To function well in today’s culture of fast-paced living, our bodies must be fueled with great food, all the time. For millions of Americans, however, this isn’t always possible and many are suffering for it.
Poor food choices as result of being almost constantly on the go are slowly eroding the health of young and old alike. But fear not, America – a viable and welcome solution to this problem has arrived at a front door (and dinner table) near you. Enter: Blue Apron. Here’s my review of how the Blue Apron service works.
What is Blue Apron?
Begun in 2012 and headquartered New York City, Blue Apron is a subscription-based weekly meal delivery service that helps even the most novice home chefs make great meals, in short amounts of time. For a fee, the company packages simple recipes and only the freshest ingredients to make those recipes and ships them direct to you.
How does it work?
After creating a username and password, you’ll register with your name, shipping address and credit card. From there, you select a plan type – two person or family – and your protein preferences or “taste profile” according to your personal preferences or dietary restrictions. The current options are vegetarian, beef, poultry, fish, lamb, pork and shellfish; you can select or opt-out of as many options as you choose. Finally, you select your preferred delivery day from a choice four – Wednesday, Thursday, Friday or Saturday.
Blue Apron takes it from there. When your order ships, they send you an email notifying you it’s on the way. Your items will arrive before 8 pm on your preferred delivery day packed with large ice packs and wrapped in what looks like thermal bubble wrap. Sealed tightly, your order arrives ice cold and stays that way for several hours until you arrive home to unpack it.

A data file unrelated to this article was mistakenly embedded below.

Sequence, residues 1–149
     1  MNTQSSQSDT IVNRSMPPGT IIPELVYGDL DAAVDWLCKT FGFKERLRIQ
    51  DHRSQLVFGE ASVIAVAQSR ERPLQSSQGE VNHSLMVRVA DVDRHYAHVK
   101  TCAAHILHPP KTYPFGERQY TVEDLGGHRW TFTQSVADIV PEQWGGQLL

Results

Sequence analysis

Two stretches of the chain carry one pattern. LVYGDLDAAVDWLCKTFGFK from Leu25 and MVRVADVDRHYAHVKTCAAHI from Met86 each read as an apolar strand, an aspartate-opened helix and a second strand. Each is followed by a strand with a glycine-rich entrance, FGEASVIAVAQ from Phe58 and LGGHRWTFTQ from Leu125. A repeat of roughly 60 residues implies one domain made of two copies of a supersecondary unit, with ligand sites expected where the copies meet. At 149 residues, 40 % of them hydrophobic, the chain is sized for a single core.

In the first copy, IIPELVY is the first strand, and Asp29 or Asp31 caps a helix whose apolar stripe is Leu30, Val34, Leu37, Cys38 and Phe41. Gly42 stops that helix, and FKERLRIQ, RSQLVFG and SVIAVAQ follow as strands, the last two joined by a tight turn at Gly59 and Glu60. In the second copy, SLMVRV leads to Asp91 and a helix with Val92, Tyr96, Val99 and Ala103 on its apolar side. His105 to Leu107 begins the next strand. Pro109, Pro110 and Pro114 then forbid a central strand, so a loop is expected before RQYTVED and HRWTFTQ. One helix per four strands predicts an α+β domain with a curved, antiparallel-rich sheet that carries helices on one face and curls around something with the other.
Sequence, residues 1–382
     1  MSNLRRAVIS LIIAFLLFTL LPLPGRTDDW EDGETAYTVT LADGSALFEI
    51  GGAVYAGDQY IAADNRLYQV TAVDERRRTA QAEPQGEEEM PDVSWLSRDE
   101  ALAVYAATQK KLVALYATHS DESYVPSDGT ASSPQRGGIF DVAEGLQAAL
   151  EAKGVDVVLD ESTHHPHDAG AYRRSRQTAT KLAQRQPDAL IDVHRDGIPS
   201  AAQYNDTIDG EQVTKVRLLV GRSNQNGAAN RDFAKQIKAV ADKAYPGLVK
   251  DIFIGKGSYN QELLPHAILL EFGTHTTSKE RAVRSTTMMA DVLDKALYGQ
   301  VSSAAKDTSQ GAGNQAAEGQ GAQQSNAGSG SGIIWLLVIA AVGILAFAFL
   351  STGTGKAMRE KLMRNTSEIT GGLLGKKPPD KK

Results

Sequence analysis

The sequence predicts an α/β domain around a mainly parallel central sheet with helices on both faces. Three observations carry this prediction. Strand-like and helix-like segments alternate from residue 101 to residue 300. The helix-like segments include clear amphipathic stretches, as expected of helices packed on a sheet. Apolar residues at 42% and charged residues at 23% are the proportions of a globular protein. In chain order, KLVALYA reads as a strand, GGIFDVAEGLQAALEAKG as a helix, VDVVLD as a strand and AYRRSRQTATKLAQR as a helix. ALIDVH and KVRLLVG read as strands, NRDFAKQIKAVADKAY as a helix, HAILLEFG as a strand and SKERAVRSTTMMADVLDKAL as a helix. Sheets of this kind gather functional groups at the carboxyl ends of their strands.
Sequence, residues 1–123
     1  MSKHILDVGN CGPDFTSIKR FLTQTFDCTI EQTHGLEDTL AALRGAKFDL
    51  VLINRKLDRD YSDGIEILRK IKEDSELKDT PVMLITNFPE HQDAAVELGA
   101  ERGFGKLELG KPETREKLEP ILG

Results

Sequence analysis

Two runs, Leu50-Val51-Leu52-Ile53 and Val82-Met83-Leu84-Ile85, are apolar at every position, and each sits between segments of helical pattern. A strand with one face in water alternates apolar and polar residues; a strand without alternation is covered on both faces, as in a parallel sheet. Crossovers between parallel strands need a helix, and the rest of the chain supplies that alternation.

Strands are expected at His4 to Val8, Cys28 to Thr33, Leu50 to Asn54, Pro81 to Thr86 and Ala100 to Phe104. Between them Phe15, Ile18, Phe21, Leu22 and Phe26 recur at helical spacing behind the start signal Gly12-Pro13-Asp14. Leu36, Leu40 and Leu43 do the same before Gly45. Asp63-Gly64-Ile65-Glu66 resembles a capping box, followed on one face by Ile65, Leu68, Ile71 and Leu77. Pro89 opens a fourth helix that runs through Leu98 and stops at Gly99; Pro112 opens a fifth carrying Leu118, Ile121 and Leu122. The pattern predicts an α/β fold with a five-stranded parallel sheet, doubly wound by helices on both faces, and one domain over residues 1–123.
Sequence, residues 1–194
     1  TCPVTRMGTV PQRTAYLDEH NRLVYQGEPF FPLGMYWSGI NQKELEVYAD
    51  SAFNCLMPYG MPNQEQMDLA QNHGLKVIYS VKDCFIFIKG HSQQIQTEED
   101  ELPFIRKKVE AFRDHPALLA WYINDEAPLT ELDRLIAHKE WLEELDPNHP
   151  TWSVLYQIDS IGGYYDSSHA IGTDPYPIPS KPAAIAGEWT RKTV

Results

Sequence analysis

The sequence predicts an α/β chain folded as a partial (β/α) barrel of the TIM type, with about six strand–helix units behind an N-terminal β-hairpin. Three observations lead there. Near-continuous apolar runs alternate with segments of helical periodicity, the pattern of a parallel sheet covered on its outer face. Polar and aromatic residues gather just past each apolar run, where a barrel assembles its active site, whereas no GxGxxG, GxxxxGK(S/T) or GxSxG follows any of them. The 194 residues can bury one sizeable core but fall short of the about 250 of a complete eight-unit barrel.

What’s the cost?
The 2-Person Plan consists of 3 recipes delivered weekly and costs $9.99/serving or $59.94/week. The Family Plan lets you choose between 2 or 4 recipes a week and costs $8.74/meal. For the 2 recipe plan, it’s $69.92/week or $139.84/week for 4 recipes. Shipping is always free regardless of the selected plan.
Benefits and Drawbacks
-Simple, from start to finish: Everything about Blue Apron – from the setup process to the actual meal prep – is easy to understand and even easier to execute. The blue and white interface of its website, mobile website and app are easy to navigate. If I had a question, the answer was easy find as headings and topics are well displayed. True to its mission, it makes the process of getting great food to your table as easy as possible with no extra effort on your part.
-The recipe cards are detailed yet simple: The recipe cards give detailed instructions that leave very little – if any – questions unasked. Each one gives a brief introduction of the recipe, a pictorial ingredients list followed by step-by-step instructions accompanied by step-by-step photos.